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MVC - what comes first?

Peter Primrose
Ranch Hand

Joined: Sep 10, 2004
Posts: 755
when start building a new form, since there are 3 factors to take in mind:

1. Model / bean
3. View / Jsp
When start building a new form, since there are 3 factors to take in mind:

1. Model / bean
3. View / JSP
2. Controller / Action

(Please correct me if I got it wrong)

What is the convention to start building the components? I mean do you list the items of your form, build the design and then implement the action?

Curious

2. Controler / Action

(correct me if I got it wrong)

what is the convention to start building the componenets? I mean do you list the items of your form, buidling the design and then implement the action?

curious
Prasanth Pillai
Ranch Hand

Joined: Oct 16, 2006
Posts: 52
to a code level approach you can start with
1. the bean. (actionform)
2. action class
3. jsp
4. struts-config.xml

other files if required.

you can download very good pdfs from
http://courses.coreservlets.com/Course-Materials/struts.html
Peter Primrose
Ranch Hand

Joined: Sep 10, 2004
Posts: 755
Thanks for the tips.
Is there any particular pdf in the site with reference to my question?

Thanks again
Prasanth Pillai
Ranch Hand

Joined: Oct 16, 2006
Posts: 52
you may have a look at

www.projectrefinery.com/StrutsIntroCourse.ppt

or

http://people.apache.org/~craigmcc/apachecon-2003-struts.pdf
Merrill Higginson
Ranch Hand

Joined: Feb 15, 2005
Posts: 4864
Here's what happens in the real world:

1. Someone gets an idea. "Hey, we really need a web application that will do ___________". Everyone ignores that person. He is soon fired.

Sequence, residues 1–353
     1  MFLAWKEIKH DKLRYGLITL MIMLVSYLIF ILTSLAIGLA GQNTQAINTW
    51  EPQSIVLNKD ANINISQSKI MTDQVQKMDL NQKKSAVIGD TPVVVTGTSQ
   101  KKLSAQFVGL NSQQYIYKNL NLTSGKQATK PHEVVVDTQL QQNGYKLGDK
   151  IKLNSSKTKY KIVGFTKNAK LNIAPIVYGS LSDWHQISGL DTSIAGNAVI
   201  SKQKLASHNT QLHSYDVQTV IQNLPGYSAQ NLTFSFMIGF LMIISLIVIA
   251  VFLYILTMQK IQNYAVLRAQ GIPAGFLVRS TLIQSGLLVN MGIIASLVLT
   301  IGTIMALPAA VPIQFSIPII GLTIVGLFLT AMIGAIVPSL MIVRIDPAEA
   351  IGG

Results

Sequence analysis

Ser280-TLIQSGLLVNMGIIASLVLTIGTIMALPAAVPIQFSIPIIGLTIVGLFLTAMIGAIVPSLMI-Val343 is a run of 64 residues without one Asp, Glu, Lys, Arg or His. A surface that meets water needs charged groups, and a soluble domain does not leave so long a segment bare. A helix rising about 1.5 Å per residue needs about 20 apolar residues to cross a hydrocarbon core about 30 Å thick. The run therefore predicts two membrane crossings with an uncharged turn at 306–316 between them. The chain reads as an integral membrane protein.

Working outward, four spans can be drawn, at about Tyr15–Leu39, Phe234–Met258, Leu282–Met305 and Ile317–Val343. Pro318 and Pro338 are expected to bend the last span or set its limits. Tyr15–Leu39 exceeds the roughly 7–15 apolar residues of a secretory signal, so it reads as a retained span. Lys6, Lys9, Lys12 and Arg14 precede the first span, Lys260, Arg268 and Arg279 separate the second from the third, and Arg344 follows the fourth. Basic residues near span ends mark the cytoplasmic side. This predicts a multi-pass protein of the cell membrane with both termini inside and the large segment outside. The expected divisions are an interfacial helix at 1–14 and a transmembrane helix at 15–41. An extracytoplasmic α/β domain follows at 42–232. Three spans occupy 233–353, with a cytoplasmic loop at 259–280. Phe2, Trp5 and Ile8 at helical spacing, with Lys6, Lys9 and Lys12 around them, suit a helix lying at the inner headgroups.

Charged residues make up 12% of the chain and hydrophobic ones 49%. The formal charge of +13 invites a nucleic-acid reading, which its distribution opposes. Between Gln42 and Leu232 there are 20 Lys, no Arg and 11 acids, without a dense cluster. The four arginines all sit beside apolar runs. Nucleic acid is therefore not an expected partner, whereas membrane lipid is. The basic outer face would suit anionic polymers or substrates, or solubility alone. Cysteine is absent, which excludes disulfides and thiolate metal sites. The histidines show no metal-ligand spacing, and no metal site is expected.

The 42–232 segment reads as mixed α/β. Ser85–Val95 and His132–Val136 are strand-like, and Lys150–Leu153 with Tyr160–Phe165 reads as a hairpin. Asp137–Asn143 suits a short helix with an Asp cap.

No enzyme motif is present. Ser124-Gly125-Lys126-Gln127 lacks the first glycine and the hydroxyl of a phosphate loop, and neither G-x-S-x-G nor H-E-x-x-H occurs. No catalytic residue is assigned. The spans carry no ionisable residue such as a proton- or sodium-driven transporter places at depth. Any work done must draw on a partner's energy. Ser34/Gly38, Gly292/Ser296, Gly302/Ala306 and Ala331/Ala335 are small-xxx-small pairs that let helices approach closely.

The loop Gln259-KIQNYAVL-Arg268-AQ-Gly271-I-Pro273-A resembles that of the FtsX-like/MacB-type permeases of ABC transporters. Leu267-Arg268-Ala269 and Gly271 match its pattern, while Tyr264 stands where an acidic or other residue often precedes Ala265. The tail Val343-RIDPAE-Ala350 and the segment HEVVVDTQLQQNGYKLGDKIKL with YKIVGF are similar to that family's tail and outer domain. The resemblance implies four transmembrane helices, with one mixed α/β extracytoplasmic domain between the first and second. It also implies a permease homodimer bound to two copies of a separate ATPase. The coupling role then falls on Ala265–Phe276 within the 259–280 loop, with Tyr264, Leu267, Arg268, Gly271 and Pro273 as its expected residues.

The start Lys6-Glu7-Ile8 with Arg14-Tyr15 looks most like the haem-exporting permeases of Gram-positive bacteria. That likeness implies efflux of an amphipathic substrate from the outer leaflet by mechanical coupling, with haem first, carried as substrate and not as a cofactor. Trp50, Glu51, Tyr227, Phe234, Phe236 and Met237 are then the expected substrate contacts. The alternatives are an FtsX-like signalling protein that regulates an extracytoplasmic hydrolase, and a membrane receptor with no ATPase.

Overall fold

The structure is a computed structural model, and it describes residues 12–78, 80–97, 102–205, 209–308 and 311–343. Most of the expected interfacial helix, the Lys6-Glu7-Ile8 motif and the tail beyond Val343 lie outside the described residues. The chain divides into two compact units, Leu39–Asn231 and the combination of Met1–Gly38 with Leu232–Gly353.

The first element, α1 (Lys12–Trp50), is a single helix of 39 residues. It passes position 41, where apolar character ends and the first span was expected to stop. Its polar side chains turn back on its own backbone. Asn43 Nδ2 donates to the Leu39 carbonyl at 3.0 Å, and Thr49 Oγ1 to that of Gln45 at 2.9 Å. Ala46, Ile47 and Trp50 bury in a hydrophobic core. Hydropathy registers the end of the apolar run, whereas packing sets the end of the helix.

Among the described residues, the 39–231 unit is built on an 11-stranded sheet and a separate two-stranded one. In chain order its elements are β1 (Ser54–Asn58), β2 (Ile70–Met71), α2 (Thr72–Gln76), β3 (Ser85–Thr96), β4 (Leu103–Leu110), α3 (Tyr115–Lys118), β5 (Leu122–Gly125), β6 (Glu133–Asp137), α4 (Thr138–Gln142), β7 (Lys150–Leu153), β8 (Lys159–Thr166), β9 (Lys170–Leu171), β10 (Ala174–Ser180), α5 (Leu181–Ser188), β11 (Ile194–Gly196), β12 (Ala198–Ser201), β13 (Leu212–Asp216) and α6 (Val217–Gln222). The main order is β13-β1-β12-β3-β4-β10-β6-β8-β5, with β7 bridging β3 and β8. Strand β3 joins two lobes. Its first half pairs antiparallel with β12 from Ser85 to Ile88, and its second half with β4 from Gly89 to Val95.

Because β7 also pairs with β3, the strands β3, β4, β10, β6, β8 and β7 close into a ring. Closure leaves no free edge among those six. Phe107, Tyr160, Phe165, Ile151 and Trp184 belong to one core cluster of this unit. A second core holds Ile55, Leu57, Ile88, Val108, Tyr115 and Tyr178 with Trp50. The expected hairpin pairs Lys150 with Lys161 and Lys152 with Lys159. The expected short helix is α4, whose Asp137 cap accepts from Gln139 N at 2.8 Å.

2. Three months later, the pain of doing things the old way starts to grow and lots of people grumble about it, but nobody does anything about it.

3. Another month goes by. The pain can no longer be ignored and the higher-ups decide to get a committe together to work up some requirements.

4. Six months, many hours in meetings, and several gallons of coffee later, still nothing is decided but someone tells the analyst (me) to go ahead and make a prototype, and "we'll tell you if we like it or not".

5. I bribe the one member of the committe who wasn't sleeping to create a use case document based on what the committee wanted.

6. Using the use case document as a guide, I spend hours on DreamWeaver putting together mock-up screens with dummy data, and a little JavaScript thrown in to make the pages seem to navigate. I also design a data model and a Java model and make cute little diagrams of them.

7. When presented with the prototype, the committe argues for hours. Finally when a fist fight breaks out, the committee is adjourned and I am told to make a lot of revisions.

8. Repeat steps 6 and 7 several times.

9. Finally, I am told "We still don't like it, but we're under pressure to do something, so go ahead and build it".

10. I argue with the DBA over the data model, and after I offer him my firstborn child and all my lunch money for the next 6 months, he finally agrees to do it my way.

11. My team creates the model classes from the diagrams. At this point they are mostly properties without many methods. There is also no data access yet.

12. The team creates ActionForm classes from the data in the mock-up screens.

13. The team creates real JSPs from the mock-up screens and replace some of the html tags with Struts tags as needed.

14. We create Action Mappings, forwards etc. We also create Action classes, but at this point they are just empty shells with the correct names.

15. Using the use cases as a guide, we build each use case scenario one by one by creating the Action class logic, and also augmenting the model logic as needed. It is at this point that we add the data access logic.

16. We demo the product to the committe. Another fist fight breaks out.

17. We repeat steps 11 through 16.

18. The site goes live, everyone is happy. World peace is achieved and hunger is eliminated.

(not really, but I had to think of a happy ending!)


Merrill
Consultant, Sima Solutions
Peter Primrose
Ranch Hand

Joined: Sep 10, 2004
Posts: 755
That was one of the most hilarious replies I�ve ever read.
Thank Merrill
 
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